One argument against a government bailout of newspapers is that it would make the papers dependent on government largesse, which could interfere with their sacred mission of exposing sex scandals in high places. That’s true, but let’s not kid ourselves: Newspapers have been living on government money for centuries.
This morning’s New York Post, for example, is a hefty 160 pages, about twice its normal length. Did they print the entire text of the bailout bill? No, but pages 33 through 137 are taken up with a list of properties that are up for sale by the city because of unpaid tax liens. This information could just as easily be put online, but the archaic practice of publishing it–along with legal ads, notices of unclaimed property, real-estate transactions, and assorted other records of government business–in “a paper of general circulation” goes a long way toward keeping many newspapers afloat, especially small local weeklies.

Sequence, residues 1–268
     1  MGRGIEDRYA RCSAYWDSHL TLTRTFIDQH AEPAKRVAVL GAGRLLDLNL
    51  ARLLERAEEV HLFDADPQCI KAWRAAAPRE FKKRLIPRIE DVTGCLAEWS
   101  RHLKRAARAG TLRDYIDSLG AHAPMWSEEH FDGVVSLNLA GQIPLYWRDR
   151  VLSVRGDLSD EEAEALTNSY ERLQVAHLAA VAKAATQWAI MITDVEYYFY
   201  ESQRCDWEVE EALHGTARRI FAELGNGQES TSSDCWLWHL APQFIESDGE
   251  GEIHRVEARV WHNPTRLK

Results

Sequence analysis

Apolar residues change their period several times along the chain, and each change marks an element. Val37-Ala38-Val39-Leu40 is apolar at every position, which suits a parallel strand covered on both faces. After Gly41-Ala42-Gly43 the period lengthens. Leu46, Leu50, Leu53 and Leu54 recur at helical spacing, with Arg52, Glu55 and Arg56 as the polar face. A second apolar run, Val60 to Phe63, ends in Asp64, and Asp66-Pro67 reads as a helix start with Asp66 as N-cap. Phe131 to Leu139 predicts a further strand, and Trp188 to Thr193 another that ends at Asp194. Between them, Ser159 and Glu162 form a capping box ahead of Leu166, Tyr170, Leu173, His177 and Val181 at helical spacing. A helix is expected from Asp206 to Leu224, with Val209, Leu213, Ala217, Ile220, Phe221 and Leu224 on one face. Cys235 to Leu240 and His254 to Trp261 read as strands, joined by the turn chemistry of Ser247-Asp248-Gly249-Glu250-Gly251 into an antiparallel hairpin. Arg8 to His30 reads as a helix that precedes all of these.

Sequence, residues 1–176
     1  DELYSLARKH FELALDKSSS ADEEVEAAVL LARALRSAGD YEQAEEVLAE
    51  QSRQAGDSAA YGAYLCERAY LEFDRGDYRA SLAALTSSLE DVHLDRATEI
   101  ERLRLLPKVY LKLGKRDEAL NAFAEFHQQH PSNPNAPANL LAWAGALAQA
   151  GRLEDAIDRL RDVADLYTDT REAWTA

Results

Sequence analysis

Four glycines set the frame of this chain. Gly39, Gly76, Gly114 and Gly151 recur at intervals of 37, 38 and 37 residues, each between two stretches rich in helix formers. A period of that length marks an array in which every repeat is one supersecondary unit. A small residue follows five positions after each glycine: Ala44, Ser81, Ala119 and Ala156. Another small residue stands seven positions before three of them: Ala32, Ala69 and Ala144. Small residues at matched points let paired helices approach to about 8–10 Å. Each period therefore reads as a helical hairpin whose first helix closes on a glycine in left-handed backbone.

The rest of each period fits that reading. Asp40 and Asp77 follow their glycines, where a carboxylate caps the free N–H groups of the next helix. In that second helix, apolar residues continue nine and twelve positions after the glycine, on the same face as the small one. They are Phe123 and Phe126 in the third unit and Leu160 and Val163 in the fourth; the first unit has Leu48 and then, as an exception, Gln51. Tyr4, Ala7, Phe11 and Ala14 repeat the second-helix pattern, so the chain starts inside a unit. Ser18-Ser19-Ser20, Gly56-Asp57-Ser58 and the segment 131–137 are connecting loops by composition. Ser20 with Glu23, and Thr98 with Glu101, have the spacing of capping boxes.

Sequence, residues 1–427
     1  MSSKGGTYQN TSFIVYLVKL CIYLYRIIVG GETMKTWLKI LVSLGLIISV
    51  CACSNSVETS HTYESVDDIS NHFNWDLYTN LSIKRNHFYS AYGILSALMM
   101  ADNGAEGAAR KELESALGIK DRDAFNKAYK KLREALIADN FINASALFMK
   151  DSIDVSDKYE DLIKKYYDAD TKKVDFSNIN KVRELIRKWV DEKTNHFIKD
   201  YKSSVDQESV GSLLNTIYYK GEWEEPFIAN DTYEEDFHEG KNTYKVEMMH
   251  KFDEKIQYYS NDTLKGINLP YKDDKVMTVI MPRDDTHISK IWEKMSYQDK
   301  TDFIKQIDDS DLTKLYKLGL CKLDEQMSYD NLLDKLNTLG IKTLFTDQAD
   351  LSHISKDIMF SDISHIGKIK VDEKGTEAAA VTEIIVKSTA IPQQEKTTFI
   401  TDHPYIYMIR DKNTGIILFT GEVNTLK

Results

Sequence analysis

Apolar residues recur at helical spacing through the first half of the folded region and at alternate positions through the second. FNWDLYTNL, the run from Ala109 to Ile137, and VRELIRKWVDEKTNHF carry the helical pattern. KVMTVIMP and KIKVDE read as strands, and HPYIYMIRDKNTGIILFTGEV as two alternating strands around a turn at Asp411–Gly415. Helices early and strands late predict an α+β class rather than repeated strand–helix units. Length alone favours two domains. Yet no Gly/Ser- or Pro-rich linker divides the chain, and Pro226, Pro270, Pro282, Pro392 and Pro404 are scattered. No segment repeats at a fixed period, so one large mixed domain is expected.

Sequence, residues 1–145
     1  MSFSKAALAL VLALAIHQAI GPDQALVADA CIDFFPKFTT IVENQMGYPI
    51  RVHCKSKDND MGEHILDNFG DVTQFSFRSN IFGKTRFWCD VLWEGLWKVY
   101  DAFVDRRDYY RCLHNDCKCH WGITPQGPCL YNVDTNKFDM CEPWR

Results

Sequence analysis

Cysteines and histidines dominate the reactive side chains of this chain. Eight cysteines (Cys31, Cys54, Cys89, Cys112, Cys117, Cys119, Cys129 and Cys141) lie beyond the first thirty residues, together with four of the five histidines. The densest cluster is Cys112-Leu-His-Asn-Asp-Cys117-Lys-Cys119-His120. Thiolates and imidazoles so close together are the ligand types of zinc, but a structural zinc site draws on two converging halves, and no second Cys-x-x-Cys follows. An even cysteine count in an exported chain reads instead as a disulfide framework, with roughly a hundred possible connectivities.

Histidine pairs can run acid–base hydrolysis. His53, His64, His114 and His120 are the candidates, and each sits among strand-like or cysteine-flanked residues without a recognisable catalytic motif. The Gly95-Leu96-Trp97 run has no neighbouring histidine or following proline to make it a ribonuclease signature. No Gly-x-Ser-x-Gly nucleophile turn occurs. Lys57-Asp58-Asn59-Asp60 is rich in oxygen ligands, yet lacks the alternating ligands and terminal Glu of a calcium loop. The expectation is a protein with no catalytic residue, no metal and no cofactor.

The practice has a long history. Two centuries ago, a government printing contract was the biggest plum that a printer, who usually doubled as newspaper editor, could win, and papers were not subtle in their efforts to ingratiate themselves with the party in power. How will the current economic crisis affect this form of subsidy? In the short term, it may even help the papers; these days, sales for non-payment of taxes are a growth industry. But sooner or later the county comptroller will figure out how many expense-account lunches he and his colleagues could buy with the money they spend propping up the Weekly Gazette. If that business goes, it could be one more nail in the bulging coffin of American print journalism.